A novel germline variant NC_000003.11: g. 37092135_37092136 del GA (p. Arg755Val fs) was detected in exon 19 of the MMR gene MLH1 in this patient. She was heterozygous for this frameshift variant, which is predicted to elongate the open reading frame of the protein [Figure 3]. Because the variant lies in the vicinity of pathogenic variants associated with Lynch syndrome, it has been labeled as “variant of unknown significance with probable damaging effects.” One known deletion of reported pathogenicity NC_000003.11: g.37092135_37092136 del G (pArg755Glyfs*28) elongates the C-terminus of MLH1 by 28 amino acids.[9] The MLH1 database [10] reports 6979 variants, 984 of which are deletions, of which 33 are in exon 19. Roughly half of all Hereditary Non-Polyposis Colon Cancer (HNPCC) mutations are known to lead to MutLα alterations.[11]{Figure 3}

A negative expression of MLH1 in IHC indicates the presence of a mutation in the MLH1 gene. However, negative expression of PMS2 can occur due to the absence of MLH1. This is because MLH1 binds to PMS2 to form a catalytically functional and correctly localized heterodimer called MutLα.[12],[13] Constitutive dimerization of MLH1 with PMS2 occurs via their C-terminal domains (CTDs).[14],[15]

The MLH1-PMS2 dimerization interface is located in the CTD, mutations (e.g., p. Gln542Leu, pLeu749Pro, and pTyr750X) in which cause decreased co-expression of PMS2 due to its decreased stability in the absence of interaction with MLH1.[16] The CTD of MLH1 is highly conserved in eukaryotes, in particular the last four invariant residues FERC, which in MLH1 from Homo sapiens, constitute residues 753-756. These residues have been shown to form one of the patches on the protein surface that is involved in forming a dimer with PMS1 in Saccharomyces cerevisiae.[17] The MLH1-PMS1 heterodimer of S. cerevisiae is the MutL homolog of MLH1-PMS2 in humans. In addition, PMS1 shares high sequence identity with human PMS2 (hPMS2), particularly the conserved DQHA (X2) E(X4) E motif of the CTD, which is essential for the endonuclease activity of the MutL complex.[18],[19] The C-terminal cysteine residue of MLH1 is also involved in forming the PMS1 endonuclease site.[15] In the presented case, the FERC terminus is lost with the replacement of Arg755 and Cys756 by a valine and leucine respectively, followed by an extension of 34 amino acids [Figure 3]. The 34 amino acid structure is predicted to form a helix-helix-coil secondary structure using Advanced Protein Secondary Structure Prediction Server.[20] This gives a strong indication that the CTD of MLH1 in this case is unable to associate with PMS2 to form a functional heterodimer to carry out its activity of repairing any mismatches in the DNA.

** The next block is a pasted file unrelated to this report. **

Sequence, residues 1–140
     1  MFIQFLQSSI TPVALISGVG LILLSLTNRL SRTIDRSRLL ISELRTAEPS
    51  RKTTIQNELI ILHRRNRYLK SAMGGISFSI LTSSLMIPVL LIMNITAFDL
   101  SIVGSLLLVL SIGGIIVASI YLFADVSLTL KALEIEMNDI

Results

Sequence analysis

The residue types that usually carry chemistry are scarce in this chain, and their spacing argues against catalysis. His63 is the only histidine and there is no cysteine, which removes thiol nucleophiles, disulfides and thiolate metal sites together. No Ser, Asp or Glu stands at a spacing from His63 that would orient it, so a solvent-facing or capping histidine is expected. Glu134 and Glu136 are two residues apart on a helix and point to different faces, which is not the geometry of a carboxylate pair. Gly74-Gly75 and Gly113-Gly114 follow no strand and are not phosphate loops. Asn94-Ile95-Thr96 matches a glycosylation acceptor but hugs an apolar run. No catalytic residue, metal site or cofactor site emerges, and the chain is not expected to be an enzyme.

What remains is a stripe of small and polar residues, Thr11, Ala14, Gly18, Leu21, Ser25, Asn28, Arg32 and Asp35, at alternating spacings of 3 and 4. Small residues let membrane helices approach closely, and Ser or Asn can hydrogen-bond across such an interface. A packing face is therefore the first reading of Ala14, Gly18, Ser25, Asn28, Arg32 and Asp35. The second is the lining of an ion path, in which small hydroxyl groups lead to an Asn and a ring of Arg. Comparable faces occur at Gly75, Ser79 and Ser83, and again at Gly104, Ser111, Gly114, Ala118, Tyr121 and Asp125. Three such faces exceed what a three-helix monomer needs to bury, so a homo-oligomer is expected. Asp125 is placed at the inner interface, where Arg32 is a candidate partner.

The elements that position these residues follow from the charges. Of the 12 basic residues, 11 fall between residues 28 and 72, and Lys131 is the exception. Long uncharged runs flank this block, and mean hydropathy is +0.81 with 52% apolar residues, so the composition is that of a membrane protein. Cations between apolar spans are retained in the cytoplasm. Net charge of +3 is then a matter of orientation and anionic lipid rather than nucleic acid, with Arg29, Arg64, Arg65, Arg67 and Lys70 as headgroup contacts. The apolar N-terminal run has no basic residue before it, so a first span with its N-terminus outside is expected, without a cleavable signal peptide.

The patient was counseled about the implications of a yet un-established variant for colon cancer and advised to have other non-affected siblings and children tested for the same. The family was screened for the presence of Helicobacter pylori as per the National Comprehensive Cancer Network (NCCN) guidelines for Lynch syndrome, and was found to be negative. The family has decided to postpone the genetic testing for the mutation in unaffected members to near future.


The absence of both MLH1 and PMS2 expressions indicates a lack of association of MLH1 and PMS2 to form a functional MutLα endonuclease to carry out the MMR activity. The NC_000003.11: g.37092135_37092136 del GA mutation discovered in this case would result in an extension of the C-terminus of the MLH1 protein, interfering with the formation of the MLH1-PMS2 heterodimer, which could be causative for colon cancer due to faulty MMR.

Declaration of patient consent

The authors certify that they have obtained all appropriate patient consent forms. In the form the patient(s) has/have given his/her/their consent for his/her/their images and other clinical information to be reported in the journal. The patients understand that their names and initials will not be published and due efforts will be made to conceal their identity, but anonymity cannot be guaranteed.

Financial support and sponsorship


Conflicts of interest

There are no conflicts of interest.